In recent years, Austin's authorities have made a concerted effort to invest in the improvement of the city's public transport system to make getting around in Austin fairly easy. While the number of residents using public transport is on the rise, Austin remains a largely car-dependent city.
With the emergence of e-hailing services and car-sharing schemes, this reliance on personal vehicles is slowly dwindling as residents take advantage of the various different options available to them.
For those that enjoy a little exercise, Austin is exceptionally well-equipped with cycling infrastructure and there are plenty of walkable neighbourhoods.
Public transport in Austin
Capital Metro is the authority that oversees Austin’s multimodal public transport system. The system, which consists of a light rail network and an extensive system of bus routes, operates with an integrated ticketing system.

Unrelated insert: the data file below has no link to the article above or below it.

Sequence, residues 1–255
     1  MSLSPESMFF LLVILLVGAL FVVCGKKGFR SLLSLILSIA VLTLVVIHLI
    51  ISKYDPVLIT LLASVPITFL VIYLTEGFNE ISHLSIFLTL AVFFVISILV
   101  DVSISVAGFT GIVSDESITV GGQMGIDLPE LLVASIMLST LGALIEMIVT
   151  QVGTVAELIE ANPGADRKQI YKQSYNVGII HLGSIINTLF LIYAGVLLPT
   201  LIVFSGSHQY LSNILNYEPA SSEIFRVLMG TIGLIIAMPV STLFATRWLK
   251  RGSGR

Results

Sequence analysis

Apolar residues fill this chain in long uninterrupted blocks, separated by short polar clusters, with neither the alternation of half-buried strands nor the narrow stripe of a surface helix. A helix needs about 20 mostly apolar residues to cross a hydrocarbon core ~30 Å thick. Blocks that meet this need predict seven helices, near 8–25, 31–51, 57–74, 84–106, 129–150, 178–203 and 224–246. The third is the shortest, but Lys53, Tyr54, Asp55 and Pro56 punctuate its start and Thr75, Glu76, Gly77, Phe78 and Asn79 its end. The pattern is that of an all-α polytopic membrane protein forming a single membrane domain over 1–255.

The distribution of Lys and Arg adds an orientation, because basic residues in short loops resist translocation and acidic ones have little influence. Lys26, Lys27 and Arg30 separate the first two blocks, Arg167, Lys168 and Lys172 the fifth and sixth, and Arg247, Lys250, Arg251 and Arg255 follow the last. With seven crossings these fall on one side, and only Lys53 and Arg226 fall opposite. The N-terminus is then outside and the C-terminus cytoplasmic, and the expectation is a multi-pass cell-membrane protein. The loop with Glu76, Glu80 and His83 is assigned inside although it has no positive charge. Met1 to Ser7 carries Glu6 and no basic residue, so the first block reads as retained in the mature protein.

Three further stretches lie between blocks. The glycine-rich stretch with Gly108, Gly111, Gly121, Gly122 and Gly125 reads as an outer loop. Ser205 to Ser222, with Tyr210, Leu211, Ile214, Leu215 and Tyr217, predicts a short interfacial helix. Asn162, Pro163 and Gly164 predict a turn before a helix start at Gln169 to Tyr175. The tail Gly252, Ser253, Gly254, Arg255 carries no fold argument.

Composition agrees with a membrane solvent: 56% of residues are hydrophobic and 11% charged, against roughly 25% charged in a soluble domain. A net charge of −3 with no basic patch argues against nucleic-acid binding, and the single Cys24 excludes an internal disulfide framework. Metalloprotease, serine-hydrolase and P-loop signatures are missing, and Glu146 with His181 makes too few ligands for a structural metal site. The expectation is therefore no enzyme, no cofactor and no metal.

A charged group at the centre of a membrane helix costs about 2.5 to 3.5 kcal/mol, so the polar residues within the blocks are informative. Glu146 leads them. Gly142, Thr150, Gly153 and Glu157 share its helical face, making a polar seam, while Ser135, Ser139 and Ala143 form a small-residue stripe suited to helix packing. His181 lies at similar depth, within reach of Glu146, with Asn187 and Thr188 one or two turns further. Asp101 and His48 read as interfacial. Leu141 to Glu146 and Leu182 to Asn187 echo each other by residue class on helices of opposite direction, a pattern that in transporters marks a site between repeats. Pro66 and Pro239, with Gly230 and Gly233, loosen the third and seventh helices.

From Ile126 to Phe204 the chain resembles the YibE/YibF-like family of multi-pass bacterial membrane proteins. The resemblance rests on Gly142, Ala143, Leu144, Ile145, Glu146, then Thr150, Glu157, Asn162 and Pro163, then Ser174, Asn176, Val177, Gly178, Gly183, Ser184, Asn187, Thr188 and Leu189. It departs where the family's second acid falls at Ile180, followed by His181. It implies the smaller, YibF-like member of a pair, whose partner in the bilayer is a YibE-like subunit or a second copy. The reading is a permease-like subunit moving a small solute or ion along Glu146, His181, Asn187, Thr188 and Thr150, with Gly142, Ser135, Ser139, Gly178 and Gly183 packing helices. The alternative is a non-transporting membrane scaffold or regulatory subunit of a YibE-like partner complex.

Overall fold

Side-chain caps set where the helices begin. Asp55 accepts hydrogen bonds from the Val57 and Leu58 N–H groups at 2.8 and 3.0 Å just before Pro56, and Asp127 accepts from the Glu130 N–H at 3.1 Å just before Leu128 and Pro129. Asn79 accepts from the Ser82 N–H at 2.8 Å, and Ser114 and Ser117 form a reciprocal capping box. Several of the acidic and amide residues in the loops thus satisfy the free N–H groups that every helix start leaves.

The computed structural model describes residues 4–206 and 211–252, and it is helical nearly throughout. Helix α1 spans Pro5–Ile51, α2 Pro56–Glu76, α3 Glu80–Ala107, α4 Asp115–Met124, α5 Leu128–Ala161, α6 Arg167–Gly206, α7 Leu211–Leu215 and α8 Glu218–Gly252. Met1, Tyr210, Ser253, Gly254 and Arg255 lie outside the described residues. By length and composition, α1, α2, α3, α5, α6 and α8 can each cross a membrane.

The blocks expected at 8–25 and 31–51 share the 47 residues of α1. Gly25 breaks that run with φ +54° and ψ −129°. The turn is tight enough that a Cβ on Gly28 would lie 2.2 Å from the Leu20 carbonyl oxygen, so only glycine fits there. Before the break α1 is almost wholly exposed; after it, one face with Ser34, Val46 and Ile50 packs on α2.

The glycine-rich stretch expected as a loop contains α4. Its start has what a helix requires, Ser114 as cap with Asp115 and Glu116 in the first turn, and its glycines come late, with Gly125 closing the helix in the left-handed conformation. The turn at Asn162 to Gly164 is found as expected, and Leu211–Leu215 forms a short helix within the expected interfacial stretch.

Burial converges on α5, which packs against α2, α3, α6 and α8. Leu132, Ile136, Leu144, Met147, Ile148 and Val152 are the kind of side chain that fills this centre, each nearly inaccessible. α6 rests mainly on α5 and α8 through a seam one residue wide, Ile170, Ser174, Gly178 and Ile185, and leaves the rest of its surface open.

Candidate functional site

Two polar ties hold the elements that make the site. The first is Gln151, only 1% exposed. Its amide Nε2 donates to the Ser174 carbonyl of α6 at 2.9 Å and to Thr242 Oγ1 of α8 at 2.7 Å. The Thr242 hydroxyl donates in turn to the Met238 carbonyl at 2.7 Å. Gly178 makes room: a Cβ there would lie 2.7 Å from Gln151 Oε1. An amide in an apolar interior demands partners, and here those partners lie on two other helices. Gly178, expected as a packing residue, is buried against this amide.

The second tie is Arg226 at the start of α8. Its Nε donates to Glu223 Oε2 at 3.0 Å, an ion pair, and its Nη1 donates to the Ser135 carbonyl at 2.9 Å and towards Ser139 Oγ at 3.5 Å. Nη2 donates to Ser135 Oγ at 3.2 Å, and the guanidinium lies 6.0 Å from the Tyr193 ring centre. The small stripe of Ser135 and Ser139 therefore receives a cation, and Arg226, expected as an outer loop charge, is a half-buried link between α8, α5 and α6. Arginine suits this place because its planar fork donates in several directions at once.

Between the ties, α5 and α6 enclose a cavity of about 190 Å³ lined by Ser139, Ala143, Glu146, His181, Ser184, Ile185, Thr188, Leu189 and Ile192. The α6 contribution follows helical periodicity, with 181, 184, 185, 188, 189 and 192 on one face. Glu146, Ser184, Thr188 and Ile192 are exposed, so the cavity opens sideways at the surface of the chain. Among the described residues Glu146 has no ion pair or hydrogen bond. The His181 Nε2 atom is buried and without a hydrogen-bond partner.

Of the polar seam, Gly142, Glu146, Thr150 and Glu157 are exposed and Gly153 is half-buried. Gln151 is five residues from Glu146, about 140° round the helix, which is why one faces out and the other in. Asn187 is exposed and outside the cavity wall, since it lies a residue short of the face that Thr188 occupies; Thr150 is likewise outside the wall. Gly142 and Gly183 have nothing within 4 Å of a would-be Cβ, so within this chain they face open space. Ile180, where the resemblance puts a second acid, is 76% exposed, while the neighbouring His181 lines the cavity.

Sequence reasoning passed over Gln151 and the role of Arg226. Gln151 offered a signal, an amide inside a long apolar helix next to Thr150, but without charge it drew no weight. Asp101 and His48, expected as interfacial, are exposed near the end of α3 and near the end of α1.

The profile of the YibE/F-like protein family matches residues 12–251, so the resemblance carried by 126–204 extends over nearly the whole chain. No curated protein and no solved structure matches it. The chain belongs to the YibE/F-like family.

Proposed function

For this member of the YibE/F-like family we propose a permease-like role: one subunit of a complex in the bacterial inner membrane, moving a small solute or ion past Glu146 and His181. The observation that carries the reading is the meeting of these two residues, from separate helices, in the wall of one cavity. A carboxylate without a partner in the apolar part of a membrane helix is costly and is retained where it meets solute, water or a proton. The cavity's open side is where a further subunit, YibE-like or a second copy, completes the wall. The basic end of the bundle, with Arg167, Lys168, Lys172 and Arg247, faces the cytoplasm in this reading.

It is possible to buy single tickets, but for those that plan on using the system regularly, a weekly or monthly pass affords commuters a substantial saving. Tickets can either be purchased online, at local grocery stores or via the CapMetro app, the latter is also a great tool that provides commuters with up-to-date travel information and real-time arrival information.
New arrivals in Austin will find the city boasts a pretty comprehensive network of bus routes. The network is an intricate mix of neighbourhood, express and downtown bus routes.